Dalliance Theatre Collective, Havana Theatre, until December 1

My Two Cents

Hannah Moscovitch’s East Of Berlin is a difficult play to unpack. It concerns the life of Rudi, a young German man who discovers that his father, a Nazi, performed atrocities on Jewish prisoners at Auschwitz. The Holocaust, intergenerational trauma, guilt, human monstrosity, parent-child relationships, and the search for atonement are all at play here. For the most part it's riveting.


Much of the play is told by Rudi in monologue, directly to the audience. It takes a bit of getting used to, but luckily Alexander Lowe, who plays Rudi, is a captivating and affable performer. The showiness quickly subsides as Lowe gets into the groove of the story and once we get drawn in, we’re along for the ride whether we like it or not. The overuse of “tell” rather than “show” works because Lowe is a great storyteller with an excellent sense of timing, and Moscovitch's writing feels accessible. There’s more humour here than you might expect, which Lowe uses to diffuse tension to great effect. Credit must go to director Allyson Fournier for finding just the right balance between dark comedy and the tragic situations.


Simon Paterson portrays Hermann, Rudi’s childhood “friend”, with smooth confidence. Paterson’s mellow voice and composed, quiet menace contrast well with Lowe’s jittery energy. Geneva Perkins is also solid as Sarah, but she shows up so late in the proceedings I felt I didn’t get to know her as well as I would have liked - the pace really picks up once she gets on the scene. I also appreciated how the romantic scenes felt earnest and unforced, not to mention shockingly intimate. All three performers had such clear, keen handles on their characters that I could feel the play shift in tone depending on who was on stage.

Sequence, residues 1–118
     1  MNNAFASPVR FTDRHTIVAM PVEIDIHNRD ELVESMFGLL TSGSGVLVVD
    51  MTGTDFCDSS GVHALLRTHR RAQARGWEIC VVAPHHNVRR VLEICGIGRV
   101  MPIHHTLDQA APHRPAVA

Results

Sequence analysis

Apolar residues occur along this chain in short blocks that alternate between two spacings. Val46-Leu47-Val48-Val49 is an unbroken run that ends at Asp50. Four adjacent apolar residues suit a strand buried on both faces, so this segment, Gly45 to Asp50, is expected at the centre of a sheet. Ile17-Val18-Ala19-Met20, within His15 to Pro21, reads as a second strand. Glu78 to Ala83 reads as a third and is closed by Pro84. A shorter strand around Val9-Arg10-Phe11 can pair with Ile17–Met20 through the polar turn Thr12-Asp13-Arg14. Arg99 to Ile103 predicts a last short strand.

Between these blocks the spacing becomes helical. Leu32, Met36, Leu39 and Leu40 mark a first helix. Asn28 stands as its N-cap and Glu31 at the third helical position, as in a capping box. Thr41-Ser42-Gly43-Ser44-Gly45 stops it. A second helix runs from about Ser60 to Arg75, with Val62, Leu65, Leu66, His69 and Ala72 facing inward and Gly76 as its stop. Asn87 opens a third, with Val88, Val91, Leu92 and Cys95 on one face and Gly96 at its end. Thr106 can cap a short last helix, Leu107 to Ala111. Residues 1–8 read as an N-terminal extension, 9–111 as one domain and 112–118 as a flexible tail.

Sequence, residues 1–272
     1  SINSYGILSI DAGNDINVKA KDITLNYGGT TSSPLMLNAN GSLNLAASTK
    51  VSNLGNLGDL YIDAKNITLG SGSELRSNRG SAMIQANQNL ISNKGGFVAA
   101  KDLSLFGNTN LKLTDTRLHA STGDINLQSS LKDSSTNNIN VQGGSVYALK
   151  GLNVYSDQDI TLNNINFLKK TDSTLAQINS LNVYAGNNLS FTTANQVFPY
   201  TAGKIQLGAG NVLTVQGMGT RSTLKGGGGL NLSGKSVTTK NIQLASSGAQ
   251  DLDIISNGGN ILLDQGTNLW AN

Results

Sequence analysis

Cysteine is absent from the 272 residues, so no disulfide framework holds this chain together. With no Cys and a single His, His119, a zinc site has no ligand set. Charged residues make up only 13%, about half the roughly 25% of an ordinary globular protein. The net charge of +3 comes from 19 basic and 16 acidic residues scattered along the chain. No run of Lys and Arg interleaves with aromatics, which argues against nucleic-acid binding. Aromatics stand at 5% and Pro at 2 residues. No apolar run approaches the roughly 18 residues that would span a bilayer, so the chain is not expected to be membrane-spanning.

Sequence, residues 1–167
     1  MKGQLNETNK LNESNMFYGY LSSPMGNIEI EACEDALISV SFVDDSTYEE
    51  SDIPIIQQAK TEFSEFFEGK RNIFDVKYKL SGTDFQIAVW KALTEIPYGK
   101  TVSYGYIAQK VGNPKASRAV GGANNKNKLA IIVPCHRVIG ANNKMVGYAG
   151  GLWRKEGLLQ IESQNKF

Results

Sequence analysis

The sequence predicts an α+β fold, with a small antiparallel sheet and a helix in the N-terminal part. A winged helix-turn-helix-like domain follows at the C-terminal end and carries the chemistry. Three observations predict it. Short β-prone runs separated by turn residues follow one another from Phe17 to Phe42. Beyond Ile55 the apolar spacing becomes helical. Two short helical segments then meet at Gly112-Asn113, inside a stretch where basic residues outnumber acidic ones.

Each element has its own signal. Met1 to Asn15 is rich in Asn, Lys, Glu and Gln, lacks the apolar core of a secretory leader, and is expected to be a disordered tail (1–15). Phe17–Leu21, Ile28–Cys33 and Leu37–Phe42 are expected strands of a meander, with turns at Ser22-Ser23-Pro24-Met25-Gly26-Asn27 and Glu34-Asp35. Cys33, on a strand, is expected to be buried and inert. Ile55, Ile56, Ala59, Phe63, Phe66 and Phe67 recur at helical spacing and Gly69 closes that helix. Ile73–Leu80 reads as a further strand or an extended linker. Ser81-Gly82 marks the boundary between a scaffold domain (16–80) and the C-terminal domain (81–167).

The Havana is small, but it works for the intimacy of the piece. There’s not much to say about the set (it was there), though there is some clever and seamless use of props (that cigarette!). But the strength of Dalliance Theatre Collective is very clearly in the talent of their performers and director,  examining weighty issues with the grace of professionals. East Of Berlin asks a lot of its audience, and never supplies easy answers, but that’s because there are none. We can only listen to the stories and hope we learn from them. 

-Max Timmins